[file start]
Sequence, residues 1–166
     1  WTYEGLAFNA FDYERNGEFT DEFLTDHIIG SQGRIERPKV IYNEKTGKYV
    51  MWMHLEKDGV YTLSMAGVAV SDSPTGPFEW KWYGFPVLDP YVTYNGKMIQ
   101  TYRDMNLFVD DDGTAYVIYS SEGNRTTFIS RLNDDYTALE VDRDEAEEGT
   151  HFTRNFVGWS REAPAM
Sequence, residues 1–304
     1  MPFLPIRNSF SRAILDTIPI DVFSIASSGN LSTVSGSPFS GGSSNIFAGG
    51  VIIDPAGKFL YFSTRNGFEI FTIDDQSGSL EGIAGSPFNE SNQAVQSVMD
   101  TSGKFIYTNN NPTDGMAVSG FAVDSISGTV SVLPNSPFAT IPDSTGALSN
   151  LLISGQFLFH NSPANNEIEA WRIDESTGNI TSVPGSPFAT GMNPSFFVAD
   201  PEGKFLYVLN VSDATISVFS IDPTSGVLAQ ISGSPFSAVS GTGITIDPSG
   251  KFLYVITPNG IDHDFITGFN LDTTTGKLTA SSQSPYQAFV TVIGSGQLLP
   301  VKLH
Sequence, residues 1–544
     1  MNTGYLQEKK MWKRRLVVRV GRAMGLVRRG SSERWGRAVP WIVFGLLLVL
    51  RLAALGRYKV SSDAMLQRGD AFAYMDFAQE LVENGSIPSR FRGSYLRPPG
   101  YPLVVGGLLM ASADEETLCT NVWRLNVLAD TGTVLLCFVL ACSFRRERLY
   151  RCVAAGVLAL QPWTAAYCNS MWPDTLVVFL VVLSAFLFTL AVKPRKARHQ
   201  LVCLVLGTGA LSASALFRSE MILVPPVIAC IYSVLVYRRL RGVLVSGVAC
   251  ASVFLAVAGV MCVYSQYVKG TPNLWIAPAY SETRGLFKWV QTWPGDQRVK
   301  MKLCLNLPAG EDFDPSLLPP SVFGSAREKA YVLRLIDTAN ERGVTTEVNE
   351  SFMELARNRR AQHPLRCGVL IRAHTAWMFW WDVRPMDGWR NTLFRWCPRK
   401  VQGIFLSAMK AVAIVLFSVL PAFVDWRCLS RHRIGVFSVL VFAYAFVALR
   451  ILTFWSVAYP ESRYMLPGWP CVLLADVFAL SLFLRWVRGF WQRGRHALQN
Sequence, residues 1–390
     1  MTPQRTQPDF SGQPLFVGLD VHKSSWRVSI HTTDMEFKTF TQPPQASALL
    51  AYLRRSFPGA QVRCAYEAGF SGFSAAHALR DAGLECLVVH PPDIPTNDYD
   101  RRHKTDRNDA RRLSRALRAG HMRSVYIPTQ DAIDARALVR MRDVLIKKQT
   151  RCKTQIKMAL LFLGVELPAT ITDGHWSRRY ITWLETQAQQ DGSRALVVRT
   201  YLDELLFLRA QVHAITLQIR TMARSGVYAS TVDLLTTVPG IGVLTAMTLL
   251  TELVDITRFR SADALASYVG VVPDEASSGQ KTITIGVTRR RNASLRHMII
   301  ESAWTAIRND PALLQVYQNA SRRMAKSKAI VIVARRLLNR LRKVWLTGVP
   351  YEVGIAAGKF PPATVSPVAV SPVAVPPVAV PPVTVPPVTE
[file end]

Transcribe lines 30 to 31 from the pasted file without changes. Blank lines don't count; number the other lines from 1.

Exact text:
   201  YLDELLFLRA QVHAITLQIR TMARSGVYAS TVDLLTTVPG IGVLTAMTLL
   251  TELVDITRFR SADALASYVG VVPDEASSGQ KTITIGVTRR RNASLRHMII